Modulo-N circular convolution

`c = cconv(a,b,n)`

c = cconv(gpuArrayA,gpuArrayB,n)

Circular convolution is used to convolve two discrete Fourier transform (DFT) sequences. For very long sequences, circular convolution may be faster than linear convolution.

`c = cconv(a,b,n)`

circularly
convolves vectors `a`

and `b`

. `n`

is
the length of the resulting vector. If you omit `n`

,
it defaults to `length(a)+length(b)-1`

. When ```
n
= length(a)+length(b)-1
```

, the circular convolution is equivalent
to the linear convolution computed with `conv`

.
You can also use `cconv`

to compute the circular
cross-correlation of two sequences (see the example below).

`c = cconv(gpuArrayA,gpuArrayB,n)`

returns
the circular convolution of the input vectors of class `gpuArray`

.
See Establish Arrays on a GPU for
details on gpuArray objects. Using `cconv`

with `gpuArray`

objects
requires Parallel Computing Toolbox™ software and a CUDA-enabled
NVIDIA GPU with compute capability 1.3 or above. See http://www.mathworks.com/products/parallel-computing/requirements.html for
details. The output vector, `c`

, is a gpuArray object.
See Circular Convolution using the GPU for
an example of using the GPU to compute the circular convolution.

The following example calculates a modulo-4 circular convolution.

a = [2 1 2 1]; b = [1 2 3 4]; c = cconv(a,b,4)

c = 14 16 14 16

The following example compares a circular correlation, where `n`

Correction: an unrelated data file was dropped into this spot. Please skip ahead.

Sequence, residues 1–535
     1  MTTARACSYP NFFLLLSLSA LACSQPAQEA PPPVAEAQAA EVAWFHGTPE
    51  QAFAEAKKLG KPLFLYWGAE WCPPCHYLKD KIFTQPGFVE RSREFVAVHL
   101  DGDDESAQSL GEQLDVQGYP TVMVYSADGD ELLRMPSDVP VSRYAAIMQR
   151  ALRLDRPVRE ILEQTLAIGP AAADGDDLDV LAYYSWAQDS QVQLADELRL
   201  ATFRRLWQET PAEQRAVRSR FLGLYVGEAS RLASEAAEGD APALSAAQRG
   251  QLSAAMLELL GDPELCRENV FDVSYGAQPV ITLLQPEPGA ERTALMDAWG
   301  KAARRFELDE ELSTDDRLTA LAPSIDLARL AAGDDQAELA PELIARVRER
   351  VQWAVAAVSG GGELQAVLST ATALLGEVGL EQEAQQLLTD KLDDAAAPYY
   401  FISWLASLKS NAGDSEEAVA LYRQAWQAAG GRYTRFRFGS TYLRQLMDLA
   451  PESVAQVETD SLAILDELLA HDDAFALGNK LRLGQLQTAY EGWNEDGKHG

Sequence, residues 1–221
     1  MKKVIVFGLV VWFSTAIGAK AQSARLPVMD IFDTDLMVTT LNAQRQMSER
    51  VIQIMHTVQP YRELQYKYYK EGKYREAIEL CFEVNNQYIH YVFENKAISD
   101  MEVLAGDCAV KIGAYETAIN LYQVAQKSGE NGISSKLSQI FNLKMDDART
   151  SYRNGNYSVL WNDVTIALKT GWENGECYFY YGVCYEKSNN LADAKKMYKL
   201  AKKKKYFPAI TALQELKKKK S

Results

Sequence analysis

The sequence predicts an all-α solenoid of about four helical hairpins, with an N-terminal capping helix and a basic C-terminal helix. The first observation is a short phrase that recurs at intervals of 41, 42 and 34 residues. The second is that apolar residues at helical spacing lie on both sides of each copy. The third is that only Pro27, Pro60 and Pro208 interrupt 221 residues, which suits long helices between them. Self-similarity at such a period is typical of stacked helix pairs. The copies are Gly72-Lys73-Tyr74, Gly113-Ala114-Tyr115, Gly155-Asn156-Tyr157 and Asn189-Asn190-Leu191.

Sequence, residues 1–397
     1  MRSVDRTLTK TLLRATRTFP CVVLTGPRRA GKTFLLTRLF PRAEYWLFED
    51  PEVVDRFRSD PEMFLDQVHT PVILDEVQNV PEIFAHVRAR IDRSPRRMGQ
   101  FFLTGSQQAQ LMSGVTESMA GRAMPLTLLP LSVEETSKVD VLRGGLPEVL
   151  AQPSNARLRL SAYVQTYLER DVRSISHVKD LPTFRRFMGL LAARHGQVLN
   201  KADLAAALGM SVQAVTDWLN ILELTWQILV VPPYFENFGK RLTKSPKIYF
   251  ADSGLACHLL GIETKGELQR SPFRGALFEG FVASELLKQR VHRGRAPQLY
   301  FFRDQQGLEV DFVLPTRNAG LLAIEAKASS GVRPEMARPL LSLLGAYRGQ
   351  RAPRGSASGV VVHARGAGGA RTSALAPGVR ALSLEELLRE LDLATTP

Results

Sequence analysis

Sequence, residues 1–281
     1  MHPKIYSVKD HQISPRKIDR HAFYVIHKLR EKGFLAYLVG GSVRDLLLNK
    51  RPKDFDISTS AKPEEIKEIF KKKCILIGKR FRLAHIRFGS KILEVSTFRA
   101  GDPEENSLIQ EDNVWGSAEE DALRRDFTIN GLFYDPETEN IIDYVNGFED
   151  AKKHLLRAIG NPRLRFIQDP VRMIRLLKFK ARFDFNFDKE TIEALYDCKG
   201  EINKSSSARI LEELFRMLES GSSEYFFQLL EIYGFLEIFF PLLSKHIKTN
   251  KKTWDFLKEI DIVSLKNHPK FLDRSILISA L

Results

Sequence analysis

uses
the default value, and a linear convolution. The resulting norm is
a value that is virtually zero, which shows that the two convolutions
produce virtually the same result.

a = [1 2 -1 1]; b = [1 1 2 1 2 2 1 1]; c = cconv(a,b); % Circular convolution cref = conv(a,b); % Linear convolution dif = norm(c-cref)

dif = 9.7422e-16

The following example uses `cconv`

to compute
the circular cross-correlation of two sequences. The result is compared
to the cross-correlation computed using `xcorr`

.

a = [1 2 2 1]+1i; b = [1 3 4 1]-2*1i; c = cconv(a,conj(fliplr(b)),7); % Compute using cconv cref = xcorr(a,b); % Compute using xcorr dif = norm(c-cref)

dif = 3.3565e-15

The following example requires Parallel Computing Toolbox software and a CUDA-enabled NVIDIA GPU with compute capability 1.3 or above. See http://www.mathworks.com/products/parallel-computing/requirements.html for details.

Create two signals consisting of a 1 kHz sine wave in additive white Gaussian noise. The sampling rate is 10 kHz

Fs = 1e4; t = 0:1/Fs:10-(1/Fs); x = cos(2*pi*1e3*t)+randn(size(t)); y = sin(2*pi*1e3*t)+randn(size(t));

Put `x`

and `y`

on the
GPU using `gpuArray`

. Obtain the circular convolution
using the GPU.

x = gpuArray(x); y = gpuArray(y); cirC = cconv(x,y,length(x)+length(y)-1);

Compare the result to the linear convolution of `x`

and `y`

.

linC = conv(x,y); norm(linC-cirC,2)

Return the circular convolution, `cirC`

,
to the MATLAB^{®} workspace using `gather`

.

cirC = gather(cirC);

[1] Orfanidis, S. J. *Introduction
to Signal Processing*. Englewood Cliffs, NJ: Prentice-Hall,
1996, pp. 524–529.

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